Attention, Columbo-wannabes. Fresno Police Chief Jerry Dyer wants to hear from you -- if you'll work for free.
Faced with a shrinking budget, Dyer is starting a pilot program to see whether volunteers can competently perform tasks such as gathering evidence and interviewing victims.
Using volunteers to handle jobs formerly handled by employees could catch on at Fresno City Hall and other local governments as officials struggle with declining revenues.
Fresno Mayor Ashley Swearengin, who has had a budget crisis since she took office in January 2009, is expected to unveil a 2010-11 budget Monday that proposes layoffs to help close a projected $30 million budget gap.
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The idea of volunteers doing police work may be particularly bold. As Dyer acknowledged, his idea may raise questions about the value of evidence gathered by volunteers when the Fresno County District Attorney's Office tries to prosecute.
In Dyer's new program, volunteers would do some investigative police work, such as handling vehicle thefts and vehicle burglary cases, and gathering crime-scene evidence such as fingerprints.
Dyer said these tasks were handled for years by community service officers and cadets, but so many have been laid off that much of the work is now done over the phone. He said sworn officers can't be spared from their patrol duties to meet personally with victims.
"What that means is the people do not get to see someone face to face," Dyer said. "It hurts me to know we're not able to serve them in that personal way. So, the question is: 'How can we do that without breaking the bank?' "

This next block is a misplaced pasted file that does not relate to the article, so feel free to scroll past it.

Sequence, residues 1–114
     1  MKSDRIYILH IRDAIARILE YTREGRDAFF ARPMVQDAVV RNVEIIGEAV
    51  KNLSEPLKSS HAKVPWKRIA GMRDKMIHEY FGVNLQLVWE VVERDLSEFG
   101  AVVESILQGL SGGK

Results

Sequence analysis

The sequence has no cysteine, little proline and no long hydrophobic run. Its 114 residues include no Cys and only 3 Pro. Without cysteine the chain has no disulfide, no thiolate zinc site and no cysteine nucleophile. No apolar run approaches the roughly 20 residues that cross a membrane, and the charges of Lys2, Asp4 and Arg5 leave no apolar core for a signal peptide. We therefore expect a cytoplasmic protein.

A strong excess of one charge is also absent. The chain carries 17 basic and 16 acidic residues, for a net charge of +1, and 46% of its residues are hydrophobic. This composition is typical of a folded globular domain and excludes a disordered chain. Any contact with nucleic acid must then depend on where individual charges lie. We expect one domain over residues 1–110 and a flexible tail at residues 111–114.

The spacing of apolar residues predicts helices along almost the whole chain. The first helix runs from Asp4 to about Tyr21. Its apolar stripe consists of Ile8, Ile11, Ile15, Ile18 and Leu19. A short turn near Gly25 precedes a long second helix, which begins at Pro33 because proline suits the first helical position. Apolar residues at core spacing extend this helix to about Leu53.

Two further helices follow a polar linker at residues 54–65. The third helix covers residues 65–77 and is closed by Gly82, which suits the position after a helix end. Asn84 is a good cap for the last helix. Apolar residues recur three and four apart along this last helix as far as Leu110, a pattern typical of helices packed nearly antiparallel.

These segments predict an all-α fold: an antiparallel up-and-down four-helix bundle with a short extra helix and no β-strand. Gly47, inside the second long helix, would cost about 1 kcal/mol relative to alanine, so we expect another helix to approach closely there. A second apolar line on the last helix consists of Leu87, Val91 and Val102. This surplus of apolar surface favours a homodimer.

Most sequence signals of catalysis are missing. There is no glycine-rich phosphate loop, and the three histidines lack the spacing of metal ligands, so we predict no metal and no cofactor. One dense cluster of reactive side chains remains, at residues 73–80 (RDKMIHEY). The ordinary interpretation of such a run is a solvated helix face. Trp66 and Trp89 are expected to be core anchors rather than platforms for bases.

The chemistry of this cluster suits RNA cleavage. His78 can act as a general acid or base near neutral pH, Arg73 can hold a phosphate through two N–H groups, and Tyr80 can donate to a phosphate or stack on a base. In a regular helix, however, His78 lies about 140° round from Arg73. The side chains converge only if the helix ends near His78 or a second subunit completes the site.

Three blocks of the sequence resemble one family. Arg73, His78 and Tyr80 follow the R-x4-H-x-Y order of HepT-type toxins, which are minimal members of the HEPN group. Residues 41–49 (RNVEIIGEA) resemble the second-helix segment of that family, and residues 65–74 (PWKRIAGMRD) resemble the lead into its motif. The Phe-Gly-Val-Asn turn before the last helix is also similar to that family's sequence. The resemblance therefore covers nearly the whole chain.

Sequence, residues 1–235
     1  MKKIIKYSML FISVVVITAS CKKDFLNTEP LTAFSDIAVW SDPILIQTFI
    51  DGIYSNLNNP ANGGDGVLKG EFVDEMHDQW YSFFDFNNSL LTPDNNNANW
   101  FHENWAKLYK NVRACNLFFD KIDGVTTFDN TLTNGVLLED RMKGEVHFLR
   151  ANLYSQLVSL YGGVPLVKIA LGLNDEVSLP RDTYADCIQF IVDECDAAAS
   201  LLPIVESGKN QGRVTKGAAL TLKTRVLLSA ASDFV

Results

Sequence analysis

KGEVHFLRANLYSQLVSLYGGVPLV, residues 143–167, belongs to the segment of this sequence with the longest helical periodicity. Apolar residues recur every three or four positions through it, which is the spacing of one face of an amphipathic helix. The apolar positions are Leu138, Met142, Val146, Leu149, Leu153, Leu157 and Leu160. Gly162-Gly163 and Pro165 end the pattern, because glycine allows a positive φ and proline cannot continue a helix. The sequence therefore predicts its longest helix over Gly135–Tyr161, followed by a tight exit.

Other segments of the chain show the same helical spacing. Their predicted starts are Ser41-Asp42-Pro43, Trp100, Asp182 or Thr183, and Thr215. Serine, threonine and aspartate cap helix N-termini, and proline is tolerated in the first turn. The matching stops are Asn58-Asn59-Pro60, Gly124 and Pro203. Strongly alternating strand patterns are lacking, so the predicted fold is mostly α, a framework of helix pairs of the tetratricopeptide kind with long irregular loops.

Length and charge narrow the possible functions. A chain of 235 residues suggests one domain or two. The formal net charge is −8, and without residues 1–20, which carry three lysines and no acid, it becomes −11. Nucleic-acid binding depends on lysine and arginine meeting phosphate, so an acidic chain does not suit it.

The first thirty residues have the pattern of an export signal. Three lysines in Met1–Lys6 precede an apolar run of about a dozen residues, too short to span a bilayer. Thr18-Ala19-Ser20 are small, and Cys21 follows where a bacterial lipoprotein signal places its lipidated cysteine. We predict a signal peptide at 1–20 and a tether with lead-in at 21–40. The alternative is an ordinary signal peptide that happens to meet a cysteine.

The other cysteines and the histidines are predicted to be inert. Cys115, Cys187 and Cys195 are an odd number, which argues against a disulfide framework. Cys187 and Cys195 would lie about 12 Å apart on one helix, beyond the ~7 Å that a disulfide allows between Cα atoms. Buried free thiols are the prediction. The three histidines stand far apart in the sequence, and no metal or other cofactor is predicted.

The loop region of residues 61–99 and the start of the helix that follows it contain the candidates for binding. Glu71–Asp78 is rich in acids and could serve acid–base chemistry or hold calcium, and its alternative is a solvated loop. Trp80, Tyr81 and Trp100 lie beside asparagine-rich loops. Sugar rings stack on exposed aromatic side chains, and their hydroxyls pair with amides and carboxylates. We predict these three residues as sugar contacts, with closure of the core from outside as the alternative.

The department already oversees two groups of volunteers: the Community Emergency Response Team has several hundred members; Citizens On Patrol has about 50 members who help with tasks such as extra security at shopping centers during the winter holiday season.
Dyer's plan for his new group is to use about 20 volunteers from Citizens On Patrol with the time, talent and commitment to take on more complex law enforcement duties. He expects to have the program in operation by early summer.
"We've never really utilized [COP members] in a more demanding way, which is to actually go out and do some of the police work such as taking a crime report on a vehicle burglary and maybe even processing a car for latent prints," Dyer said. "We've not taken that step because we haven't had to."
Dyer said the volunteers would receive additional training, and the quality of their work -- from dealing with crime victims to writing reports -- would be closely monitored by experienced police officers.
If the first batch of volunteers is successful, Dyer said, the program could expand to 50 or 60 people. He said additional volunteer recruits could be retirees or the unemployed who want to keep busy.
Dyer said the volunteers' duties might someday include responding to commercial burglaries. However, he added, he won't use volunteers to respond to residential burglaries because the victims, whose homes and privacy have been violated, prefer to speak with sworn officers.
Dyer said he is aware of the program's challenges, such as potential district attorney objections about taking a case to trial built on a volunteer's evidence-gathering abilities.